♦ Potential Investors – To ascertain present profitability & financial position, and future prospects of the business, to decide whether to invest or not.
♦ Suppliers / Creditors – To analyse short term solvency / liquidity position to decide whether to provide/extend credit facilities & period or not.
♦ Bankers / Lenders / Other Financial Institutions – To judge short-term solvency & liquidity position (for short-term loans) & long-term solvency & liquidity position (for long-term loans).
♦ Tax Authorities – To ensure proper & correct assessment of tax liabilities.
♦ Customers – To ascertain the potential for long-term continuance of business, especially for dependent & loyal customers.
Limitations of FS Analysis
♦ Historical analysis
♦ Price level changes & inflation effects are ignored
♦ Qualitative Aspects are ignored
♦ Suffers from all limitations of FS
♦ Window dressing
♦ Different accounting policies/practices followed by different companies affects comparability. Moreover, it may be misleading without the knowledge of the changes in accounting procedure followed by the company.
♦ It is just a study of reports of the company
♦ Financial statements are prepared on the basis of accounting concepts, and as such does not reflect the current position.
MCQs Questions Financial Statements Of a Company Class 12 Accountancy
Question: Debit Balance of Profit & Loss Statement will be shown on:
(a) Assets Side of Balance Sheet
(b) Liabilities Side of Balance Sheet
(c) Under the head Reserve & Surplus
(d) Under the head Reserves and Surplus as a negative item
Question: A company has an operating cycle of 12 months. It has accounts payable amounting to Rs.10,00,000 out of which Rs.7,00,000 have a maturity period of 15 months. How would this information be presented in the Balance sheet?
(a) Rs.7,00,000 as current liabilities and Rs.3,00,000 as non-current liabilities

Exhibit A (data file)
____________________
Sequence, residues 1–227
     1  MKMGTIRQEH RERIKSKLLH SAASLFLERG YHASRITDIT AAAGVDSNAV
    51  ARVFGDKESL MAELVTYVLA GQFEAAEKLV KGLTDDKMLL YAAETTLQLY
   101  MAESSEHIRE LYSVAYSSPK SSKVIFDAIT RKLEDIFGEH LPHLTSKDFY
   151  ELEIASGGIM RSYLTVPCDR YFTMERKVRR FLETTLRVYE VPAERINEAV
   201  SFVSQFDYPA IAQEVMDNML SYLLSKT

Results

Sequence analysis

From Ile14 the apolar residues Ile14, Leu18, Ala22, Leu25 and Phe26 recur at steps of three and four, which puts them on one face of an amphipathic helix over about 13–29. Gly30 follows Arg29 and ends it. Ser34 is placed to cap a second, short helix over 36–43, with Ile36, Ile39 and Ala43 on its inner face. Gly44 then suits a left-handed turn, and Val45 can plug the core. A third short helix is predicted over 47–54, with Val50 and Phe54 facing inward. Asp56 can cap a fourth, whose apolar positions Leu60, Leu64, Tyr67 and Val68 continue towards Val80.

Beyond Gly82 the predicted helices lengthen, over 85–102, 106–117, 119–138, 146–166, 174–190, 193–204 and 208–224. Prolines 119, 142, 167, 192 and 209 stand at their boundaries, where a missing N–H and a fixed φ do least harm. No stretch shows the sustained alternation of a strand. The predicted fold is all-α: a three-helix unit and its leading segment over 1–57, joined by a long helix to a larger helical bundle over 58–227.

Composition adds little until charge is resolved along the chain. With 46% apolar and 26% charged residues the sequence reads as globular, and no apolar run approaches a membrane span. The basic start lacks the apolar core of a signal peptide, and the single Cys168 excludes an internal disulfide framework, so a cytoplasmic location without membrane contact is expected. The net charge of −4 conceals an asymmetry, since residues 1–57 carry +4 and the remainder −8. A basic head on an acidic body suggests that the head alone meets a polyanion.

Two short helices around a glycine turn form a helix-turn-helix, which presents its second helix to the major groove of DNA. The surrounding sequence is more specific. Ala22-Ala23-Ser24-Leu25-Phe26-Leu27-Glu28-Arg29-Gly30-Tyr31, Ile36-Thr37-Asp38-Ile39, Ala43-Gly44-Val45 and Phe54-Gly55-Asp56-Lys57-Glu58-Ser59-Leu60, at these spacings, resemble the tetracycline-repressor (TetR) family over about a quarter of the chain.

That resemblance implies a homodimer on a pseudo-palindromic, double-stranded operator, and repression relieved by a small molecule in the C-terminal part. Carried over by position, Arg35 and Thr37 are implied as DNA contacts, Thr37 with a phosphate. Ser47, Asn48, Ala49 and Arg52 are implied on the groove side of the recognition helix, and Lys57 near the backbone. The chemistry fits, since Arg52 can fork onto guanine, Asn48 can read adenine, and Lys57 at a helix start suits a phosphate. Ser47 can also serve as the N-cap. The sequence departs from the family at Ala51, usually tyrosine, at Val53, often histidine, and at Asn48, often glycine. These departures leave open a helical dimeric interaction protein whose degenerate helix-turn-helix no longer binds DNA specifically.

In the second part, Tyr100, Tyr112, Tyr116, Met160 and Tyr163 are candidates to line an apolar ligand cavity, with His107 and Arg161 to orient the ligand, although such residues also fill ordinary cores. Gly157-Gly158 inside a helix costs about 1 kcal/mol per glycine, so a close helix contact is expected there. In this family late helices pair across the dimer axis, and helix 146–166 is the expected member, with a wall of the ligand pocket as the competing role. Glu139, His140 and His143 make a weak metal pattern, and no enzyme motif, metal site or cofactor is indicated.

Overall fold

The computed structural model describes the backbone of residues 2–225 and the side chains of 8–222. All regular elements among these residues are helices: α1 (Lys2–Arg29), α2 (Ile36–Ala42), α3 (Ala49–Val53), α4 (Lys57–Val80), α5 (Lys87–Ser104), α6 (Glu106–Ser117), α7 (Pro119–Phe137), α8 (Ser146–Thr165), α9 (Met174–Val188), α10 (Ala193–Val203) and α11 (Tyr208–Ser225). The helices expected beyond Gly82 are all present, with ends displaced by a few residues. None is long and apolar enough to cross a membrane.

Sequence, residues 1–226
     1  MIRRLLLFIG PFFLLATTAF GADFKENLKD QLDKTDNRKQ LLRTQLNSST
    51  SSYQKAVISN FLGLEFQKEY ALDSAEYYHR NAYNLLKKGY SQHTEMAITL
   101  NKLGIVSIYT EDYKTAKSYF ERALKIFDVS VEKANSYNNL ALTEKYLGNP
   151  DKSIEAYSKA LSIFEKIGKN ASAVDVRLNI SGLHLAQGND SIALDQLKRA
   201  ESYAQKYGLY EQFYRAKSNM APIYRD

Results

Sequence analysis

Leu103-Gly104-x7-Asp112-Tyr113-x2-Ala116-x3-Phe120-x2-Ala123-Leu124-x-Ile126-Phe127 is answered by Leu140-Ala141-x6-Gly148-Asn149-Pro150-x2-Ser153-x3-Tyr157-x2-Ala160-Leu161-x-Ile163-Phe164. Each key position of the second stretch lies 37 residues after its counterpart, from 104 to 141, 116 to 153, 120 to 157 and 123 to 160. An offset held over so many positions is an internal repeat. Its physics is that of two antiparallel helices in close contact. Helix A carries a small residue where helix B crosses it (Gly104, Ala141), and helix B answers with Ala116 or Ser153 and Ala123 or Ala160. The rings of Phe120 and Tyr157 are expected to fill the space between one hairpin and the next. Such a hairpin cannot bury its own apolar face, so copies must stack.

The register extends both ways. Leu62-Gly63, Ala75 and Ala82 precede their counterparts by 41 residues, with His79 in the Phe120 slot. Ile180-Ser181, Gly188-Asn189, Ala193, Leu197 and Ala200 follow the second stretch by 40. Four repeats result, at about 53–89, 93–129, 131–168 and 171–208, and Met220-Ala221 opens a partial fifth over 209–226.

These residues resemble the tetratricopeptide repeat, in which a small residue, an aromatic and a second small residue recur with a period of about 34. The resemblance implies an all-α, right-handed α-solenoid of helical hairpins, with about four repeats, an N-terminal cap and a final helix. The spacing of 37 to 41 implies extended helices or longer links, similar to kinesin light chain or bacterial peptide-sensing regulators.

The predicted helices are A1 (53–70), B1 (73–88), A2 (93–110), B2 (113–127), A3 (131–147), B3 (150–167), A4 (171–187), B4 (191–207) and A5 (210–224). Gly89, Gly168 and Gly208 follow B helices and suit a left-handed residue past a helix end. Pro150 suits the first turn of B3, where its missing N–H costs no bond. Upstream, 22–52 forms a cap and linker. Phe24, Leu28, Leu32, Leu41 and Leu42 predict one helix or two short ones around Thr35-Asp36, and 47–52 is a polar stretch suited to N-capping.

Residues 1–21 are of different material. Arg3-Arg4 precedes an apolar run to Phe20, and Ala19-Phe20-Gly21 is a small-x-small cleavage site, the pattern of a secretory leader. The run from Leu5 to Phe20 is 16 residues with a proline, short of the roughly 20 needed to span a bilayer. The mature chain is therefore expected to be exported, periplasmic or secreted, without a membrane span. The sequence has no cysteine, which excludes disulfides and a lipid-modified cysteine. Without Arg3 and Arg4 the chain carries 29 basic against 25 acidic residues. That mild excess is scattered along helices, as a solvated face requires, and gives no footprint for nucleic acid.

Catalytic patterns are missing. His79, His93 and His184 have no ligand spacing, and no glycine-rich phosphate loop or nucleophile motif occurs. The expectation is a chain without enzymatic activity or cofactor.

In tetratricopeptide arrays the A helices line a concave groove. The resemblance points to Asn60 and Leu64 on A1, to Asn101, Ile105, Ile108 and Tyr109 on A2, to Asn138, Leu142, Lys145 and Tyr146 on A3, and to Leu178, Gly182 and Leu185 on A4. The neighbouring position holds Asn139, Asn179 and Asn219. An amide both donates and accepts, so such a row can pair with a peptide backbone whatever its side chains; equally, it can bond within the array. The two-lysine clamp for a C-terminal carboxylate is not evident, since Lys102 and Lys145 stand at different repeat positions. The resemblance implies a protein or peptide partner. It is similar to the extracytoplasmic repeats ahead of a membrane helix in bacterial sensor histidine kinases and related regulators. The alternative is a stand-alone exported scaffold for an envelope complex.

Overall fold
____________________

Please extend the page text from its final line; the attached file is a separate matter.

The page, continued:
(b) Rs.3,00,000 as current liabilities and Rs.7,00,000 as non-current liabilities
(c) Rs.10,00,000 as non-current liabilities
(d) Rs.10,00,000 as non-current liabilities
Question: Dividend is usually paid :
(a) On Authorised Capital
(b) On Issued Capital
(c) On Paid-up Capital
(d) On Called-up Capital
Question: Contingent Liabilities are exhibited under the heading:
(a) Non-current Liabilities
(b) Current Liabilities
(c) In the Notes to Accounts
(d) Current assets
Question: Match the items given in Column I with the headings/ subheadings (Balance sheet) as defined in Schedule III of Companies Act2013.
Choose the correct option:
(a) (i)-(c ),(ii)-(d),(iii)- (a ), (iv)-(b)
(b) (i)-(d), (ii)-(c),(iii)- (b), (iv)- (a)
(c) (i)-(a),(ii)-(b),(iii)-(c) ,(iv)-(d)
(d) (i)-(b),(ii)-(a),,(iii)-(d), (iv)-(c )
Question: What will be the correct sequence of arrangement of items in the Notes to Accounts (i)Subscribed but not fully paid up capital (ii) Authorised Capital (iii) Subscribed and fully paid up capital (iv)Issued capital Options:
(a) (ii),(iv),(iii), (i)
(b) (i) ,(ii),(iii), (iv)
(c) (iii),(i),(iv), (iii)
Question: Match the items given in Column I with the headings/ subheadings (Statement of Profit & Loss) as defined in Schedule III of Companies Act2013.
Choose the correct option:
(a) (i)-(a),(i)- (b), (iii)-(c ), (iv)- (d)
(b) (i)-(c ),(ii)-(d), (iii)-(b), (iv)- (a)
(c) (i)- (d),(ii)-(c),(iii)-(a) ,(iv)- (b)
(i)-(b) ,(ii)- (a),(iii)-(d), (iv)-(c)
Question: With the permission of Registrar of Companies,, accounting period can be extended up to
(a) 12 months
(b) 15 months
(c) 15 months
(d) 18 months
Question: Match the items given in Column I with the headings/ subheadings ( Balance sheet & Statement of Profit & Loss) as defined in Schedule III of Companies Act2013.
Choose the correct option:
(a) (i)-(b),(ii)-(a) ,(iii)- (d), (iv)-(c )
(b) (i)-(a),(ii)-)b), (iii)-(c ), (iv)- (d)
(c) (i)-(d), (ii)- (c ),(iii)-(b), (iv)- (a)
(i)-(c),(ii)- (a) ,(iii)-(d) ,(iv)-(b)
Question: What will be the correct sequence of arrangement of items
(i) Profit before tax
(ii) Revenue from operations
(iii) Profit after tax
(d) (iv), (iii),(ii),(i)